If all goes as planned, on July 15, the video game world will be unveiling Mega Maker, a new game based on the Nintendo franchise that will basically be to Mega Man what Super Mario Maker was to Super Mario – a good old platform game where its possible to create your own levels, sometimes with spectacular results.
In development since September 2016, Mega Maker aims to offer countless choices to players, taking all the elements from Mega Man 1 through 6 and letting you mix and match them using their Mega Engine to create your own levels.
In other words, it's a great idea, especially since the game will be completely free. The only cost is the servers. But we're not certain the game will ever actually come out.
Because, as with any game with an unofficial license, Mega Maker is a rare, endangered specimen. In the ecosystem of video games, you can't just borrow any license you like, especially not a license as lucrative as Mega Man.
The team of programmers, led by WreckingPrograms, was undoubtedly full of good intentions when they decided to offer Mega Man fans a game that would satisfy their wildest dreams, but we have a feeling Capcom might put up a fuss.
And when we say "put up a fuss" we mean "send a legion of highly experienced lawyers to block the release of the game."
But to be fair, it's hard to anticipate Capcom's reaction. They tend to be pretty random when it comes to licensing. As Polygon reminds us, last month, Capcom asked YouTube to take down the English translation of a Japanese video game.
What if Capcom pulls a Sega?
Aware of the risk they're taking by releasing Mega Maker, the game creators are careful to mention on their official website that Mega Man does indeed belong to Capcom, that their game is not for commercial use and that Capcom did not authorize them to make it.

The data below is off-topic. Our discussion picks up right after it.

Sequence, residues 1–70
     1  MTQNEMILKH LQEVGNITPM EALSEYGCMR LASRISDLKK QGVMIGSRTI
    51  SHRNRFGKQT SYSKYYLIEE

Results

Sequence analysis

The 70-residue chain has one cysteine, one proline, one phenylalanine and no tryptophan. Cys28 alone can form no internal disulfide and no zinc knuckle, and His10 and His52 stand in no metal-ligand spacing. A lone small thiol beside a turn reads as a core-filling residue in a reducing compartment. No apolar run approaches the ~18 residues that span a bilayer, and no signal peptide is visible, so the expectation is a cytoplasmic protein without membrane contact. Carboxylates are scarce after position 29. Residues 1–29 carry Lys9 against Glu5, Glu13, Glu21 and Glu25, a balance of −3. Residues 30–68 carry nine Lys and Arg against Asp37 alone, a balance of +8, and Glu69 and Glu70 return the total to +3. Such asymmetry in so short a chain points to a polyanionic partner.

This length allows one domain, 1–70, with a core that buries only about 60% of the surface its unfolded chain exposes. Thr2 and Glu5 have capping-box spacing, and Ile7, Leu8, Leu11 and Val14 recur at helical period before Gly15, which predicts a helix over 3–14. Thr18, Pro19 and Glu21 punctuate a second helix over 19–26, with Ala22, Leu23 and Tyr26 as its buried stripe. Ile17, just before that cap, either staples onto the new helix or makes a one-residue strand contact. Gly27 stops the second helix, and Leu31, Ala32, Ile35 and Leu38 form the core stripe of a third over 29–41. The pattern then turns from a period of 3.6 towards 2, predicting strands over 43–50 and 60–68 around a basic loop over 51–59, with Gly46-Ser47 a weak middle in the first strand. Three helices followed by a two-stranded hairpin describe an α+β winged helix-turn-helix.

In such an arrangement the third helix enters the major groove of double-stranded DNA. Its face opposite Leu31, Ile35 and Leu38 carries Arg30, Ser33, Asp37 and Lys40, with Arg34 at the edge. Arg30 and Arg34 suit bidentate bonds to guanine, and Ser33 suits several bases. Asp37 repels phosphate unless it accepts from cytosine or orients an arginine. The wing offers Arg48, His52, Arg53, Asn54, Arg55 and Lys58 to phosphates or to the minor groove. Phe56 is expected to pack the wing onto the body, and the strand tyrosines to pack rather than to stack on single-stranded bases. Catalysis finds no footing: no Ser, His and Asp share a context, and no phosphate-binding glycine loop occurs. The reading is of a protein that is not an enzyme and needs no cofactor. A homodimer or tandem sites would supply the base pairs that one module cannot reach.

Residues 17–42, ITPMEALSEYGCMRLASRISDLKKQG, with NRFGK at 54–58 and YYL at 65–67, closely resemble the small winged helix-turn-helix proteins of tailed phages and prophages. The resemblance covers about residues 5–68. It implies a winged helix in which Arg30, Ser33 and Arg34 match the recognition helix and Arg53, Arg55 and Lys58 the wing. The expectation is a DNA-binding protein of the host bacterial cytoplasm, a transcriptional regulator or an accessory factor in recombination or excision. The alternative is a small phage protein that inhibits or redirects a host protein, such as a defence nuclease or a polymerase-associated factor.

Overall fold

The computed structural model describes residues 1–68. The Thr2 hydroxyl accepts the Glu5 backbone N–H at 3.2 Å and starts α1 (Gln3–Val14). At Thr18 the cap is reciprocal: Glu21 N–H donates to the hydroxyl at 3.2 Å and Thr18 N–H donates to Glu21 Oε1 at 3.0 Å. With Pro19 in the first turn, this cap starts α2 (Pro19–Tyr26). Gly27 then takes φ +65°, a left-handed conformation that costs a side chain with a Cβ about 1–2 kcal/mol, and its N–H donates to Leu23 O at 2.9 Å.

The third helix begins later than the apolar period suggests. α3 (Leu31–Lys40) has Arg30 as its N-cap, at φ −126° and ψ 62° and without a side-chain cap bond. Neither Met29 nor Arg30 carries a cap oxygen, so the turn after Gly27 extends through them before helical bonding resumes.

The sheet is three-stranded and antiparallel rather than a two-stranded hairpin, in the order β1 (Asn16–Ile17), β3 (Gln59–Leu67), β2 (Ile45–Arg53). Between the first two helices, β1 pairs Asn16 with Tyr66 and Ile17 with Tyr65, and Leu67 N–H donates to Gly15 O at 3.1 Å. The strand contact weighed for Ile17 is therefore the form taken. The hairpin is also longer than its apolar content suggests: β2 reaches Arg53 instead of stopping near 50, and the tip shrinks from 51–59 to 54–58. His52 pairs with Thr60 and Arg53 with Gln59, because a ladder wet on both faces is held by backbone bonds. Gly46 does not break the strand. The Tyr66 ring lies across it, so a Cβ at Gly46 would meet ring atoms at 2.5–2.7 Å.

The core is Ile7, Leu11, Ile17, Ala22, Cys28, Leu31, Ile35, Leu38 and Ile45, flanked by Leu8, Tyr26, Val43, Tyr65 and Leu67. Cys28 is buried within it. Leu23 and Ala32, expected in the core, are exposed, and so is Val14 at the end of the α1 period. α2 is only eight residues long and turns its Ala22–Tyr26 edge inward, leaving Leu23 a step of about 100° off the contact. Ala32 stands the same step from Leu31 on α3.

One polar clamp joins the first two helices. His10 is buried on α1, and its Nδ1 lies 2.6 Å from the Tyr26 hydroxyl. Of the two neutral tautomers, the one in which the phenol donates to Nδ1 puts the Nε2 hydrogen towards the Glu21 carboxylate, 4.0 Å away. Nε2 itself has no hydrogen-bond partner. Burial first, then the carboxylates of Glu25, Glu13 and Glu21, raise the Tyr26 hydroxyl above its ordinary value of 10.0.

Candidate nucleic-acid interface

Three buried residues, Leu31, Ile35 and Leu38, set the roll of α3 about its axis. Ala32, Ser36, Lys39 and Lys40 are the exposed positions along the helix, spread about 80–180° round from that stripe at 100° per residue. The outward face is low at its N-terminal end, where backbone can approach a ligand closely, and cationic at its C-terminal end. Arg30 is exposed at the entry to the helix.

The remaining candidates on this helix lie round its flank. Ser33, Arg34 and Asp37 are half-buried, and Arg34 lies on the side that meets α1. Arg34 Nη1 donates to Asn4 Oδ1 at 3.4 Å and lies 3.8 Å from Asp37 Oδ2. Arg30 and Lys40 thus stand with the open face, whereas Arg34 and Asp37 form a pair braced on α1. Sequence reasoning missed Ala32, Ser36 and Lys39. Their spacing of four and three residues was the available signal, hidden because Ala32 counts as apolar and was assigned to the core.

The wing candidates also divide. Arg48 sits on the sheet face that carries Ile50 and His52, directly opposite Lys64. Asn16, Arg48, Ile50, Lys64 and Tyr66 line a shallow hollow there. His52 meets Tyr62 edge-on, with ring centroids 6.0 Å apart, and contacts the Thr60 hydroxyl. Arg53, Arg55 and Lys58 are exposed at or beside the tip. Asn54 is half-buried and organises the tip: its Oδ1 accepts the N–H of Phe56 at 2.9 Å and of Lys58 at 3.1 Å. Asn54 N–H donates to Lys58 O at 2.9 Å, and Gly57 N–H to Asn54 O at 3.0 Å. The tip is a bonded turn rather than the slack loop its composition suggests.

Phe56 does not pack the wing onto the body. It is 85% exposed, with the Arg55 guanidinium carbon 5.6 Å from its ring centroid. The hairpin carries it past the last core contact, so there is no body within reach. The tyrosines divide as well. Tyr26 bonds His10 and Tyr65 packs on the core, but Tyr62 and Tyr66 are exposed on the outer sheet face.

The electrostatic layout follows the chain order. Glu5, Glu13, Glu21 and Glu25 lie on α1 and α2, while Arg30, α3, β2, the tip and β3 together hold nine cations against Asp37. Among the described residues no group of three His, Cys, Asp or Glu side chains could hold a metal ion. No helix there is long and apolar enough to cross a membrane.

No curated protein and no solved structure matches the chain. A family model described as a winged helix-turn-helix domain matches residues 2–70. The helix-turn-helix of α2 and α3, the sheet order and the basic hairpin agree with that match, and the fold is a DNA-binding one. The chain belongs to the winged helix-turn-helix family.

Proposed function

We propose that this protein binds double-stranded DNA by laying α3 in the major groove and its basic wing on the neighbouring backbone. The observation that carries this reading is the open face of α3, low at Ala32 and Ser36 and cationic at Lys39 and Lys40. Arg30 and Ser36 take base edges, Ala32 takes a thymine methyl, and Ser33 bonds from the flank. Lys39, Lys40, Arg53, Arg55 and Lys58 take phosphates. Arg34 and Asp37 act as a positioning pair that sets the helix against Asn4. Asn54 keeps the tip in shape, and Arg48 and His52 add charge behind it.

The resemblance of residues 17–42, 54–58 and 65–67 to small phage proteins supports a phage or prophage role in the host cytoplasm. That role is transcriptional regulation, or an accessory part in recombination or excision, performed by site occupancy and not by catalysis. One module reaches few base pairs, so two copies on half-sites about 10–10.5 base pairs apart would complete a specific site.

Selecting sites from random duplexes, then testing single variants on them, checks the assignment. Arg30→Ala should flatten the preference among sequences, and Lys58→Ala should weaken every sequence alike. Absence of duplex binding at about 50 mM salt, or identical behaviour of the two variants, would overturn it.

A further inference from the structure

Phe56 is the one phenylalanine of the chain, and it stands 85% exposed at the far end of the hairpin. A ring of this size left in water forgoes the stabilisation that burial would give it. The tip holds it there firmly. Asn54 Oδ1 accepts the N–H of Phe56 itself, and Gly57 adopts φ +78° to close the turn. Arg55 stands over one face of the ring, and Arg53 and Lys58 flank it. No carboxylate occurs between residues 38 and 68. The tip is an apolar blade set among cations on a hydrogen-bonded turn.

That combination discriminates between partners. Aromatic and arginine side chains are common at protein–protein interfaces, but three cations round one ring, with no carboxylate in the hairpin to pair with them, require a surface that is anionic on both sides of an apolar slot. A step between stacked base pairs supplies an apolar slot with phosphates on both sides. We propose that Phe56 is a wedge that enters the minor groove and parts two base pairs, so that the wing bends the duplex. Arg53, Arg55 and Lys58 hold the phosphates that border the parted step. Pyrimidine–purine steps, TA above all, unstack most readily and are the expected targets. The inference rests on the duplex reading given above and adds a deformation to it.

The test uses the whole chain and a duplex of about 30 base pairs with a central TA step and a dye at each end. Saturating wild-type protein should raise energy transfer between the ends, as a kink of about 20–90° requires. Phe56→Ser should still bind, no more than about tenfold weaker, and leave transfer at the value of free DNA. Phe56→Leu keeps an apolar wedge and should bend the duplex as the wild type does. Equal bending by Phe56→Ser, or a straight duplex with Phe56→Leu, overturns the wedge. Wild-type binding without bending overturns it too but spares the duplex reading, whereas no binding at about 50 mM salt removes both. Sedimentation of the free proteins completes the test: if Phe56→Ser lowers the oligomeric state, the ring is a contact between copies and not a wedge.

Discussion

Those notes on the website don't seem terribly fool proof, though, if Capcom decides to take action.
From a legal standpoint, whoever owns the rights to the intellectual property tends to win in court when fans decide to "steal" one of their story lines. That's especially the case for games from the Nintendo franchise, as Pokemon Uranium and Breath of the Nes have proven.
Video game history is filled with the skeletons of mods and fan games that were sacrificed on the altar of copyrights for daring to try to keep a fictional universe alive.
Until the video game press got their hands on it, Mega Maker had gone quietly unnoticed, but thanks to Kotaku, the project is now well-publicized. It's kind of bittersweet for the developers, who might run out of time to put the game out before getting letters from Capcom's laywers.
But hey, maybe Capcom will decide to just go with it, like Sega, who recently surprised us all by authorizing the mods for Sega Genesis, which have just come out on Steam. So there's still a shred of hope. We'll know for sure on July 15.